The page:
Because of our expertise, most of us are very comfortable in the role of expert solution provider. It’s very easy (some would say particularly for men…) to slip into the role of overall problem solver.  As long as the problems remain within the financial arena, we’re good to go.  But when the problem involves personal or emotional struggles, we suddenly find ourselves way outside of our comfort zone.  We assume the client still expects an answer because that’s how we view our role.  What we need to recognize is that in those situations, our role changes.  Rather than being the trusted financial advisor who has all the answers, your role now becomes that of the compassionate, empathetic and trusted personal advisor who asks all the right questions.  We need to resist the impulse to offer solutions, and instead ask insightful, thought-provoking questions that allow the client to view the problem from a different angle and find the answers for themselves.

But as Robert Half once said, “Asking the right questions takes as much skill as providing the right answers.”  How can we learn to ask the right questions?  One of the best places may be the life coaching industry.  Now I’m not suggesting that we all run out and become life coaches, but when it comes to asking thoughtful questions that spark insight and build relationships (without stepping into the world of therapy or counseling) they have a few techniques from which we might be able to learn.

Marcia Bench, founder of the Career Coach Institute, teaches her students to utilize three distinct “levels” of questions that illicit three different levels of responses.  Level one – the level at which most financial advisors interview – are the most basic ‘what-oriented’ questions that focus primarily on identifying specific problems.   These include questions like ‘When do you want to retire?’ or “How much income will you need?’  Level two questions are the ‘why-oriented’ questions that delve into the underlying beliefs and motivators that drive behavior.  These include questions such as ‘What’s important to you about retiring at that age?’ or ‘What do you value most about x?’ (being retired, your job, your free time, your spouse, etc.)  Level three questions are those that cause the client to examine or begin to change his or her deepest – and sometimes most limiting – beliefs about themselves.  These include questions like ‘If you did x, what would that say about you?  If you did not do x, what would that say about you?  Do you really believe either of those to be true?’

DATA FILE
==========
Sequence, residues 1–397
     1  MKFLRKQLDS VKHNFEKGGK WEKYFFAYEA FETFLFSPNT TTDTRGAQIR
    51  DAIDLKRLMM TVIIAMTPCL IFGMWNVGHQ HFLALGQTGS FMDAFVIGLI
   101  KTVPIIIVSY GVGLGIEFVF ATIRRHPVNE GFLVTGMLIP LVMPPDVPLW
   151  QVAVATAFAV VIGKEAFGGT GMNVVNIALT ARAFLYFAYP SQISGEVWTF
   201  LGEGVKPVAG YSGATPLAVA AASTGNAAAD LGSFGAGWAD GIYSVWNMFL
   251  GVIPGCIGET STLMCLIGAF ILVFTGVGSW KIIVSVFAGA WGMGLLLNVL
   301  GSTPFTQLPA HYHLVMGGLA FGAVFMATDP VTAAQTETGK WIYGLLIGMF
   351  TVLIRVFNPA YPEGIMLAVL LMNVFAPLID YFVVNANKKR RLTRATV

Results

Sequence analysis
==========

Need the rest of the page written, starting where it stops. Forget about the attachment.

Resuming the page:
Especially in an environment when clients are resetting their retirement expectations and reassessing their priorities, theses kinds of questions help clients clarify their goals and create stronger commitment to any particular course of action.  In the meantime, they also position you as the enlightened and astute personal advisor, resulting in stronger relationships and increased loyalty.   Will our profession soon require training in counseling or therapy?  It’s doubtful.  But I am reminded of the old stereotype that psychologists do nothing more than turn your questions to  them back around to you. If you think about it, there might just be a reason for it.

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Financial Planning’s “Crazy Uncle Charlie”

We’ve all got one – a “Crazy Uncle Charlie.”  He’s the family member who’s just a little bit odd, the black sheep who tends to break from the family and might disappear for years at a time.  After they’re gone we shake our heads sadly believing that “Charlie” (insert the name of your crazy relative here) has wasted his or her life.  But sometimes we’re surprised to discover that Charlie experienced more success, created more change and influenced more people than we ever thought possible.  We within the financial planning community had just such a “Charlie” in our family.  His name was Thomas Leonard.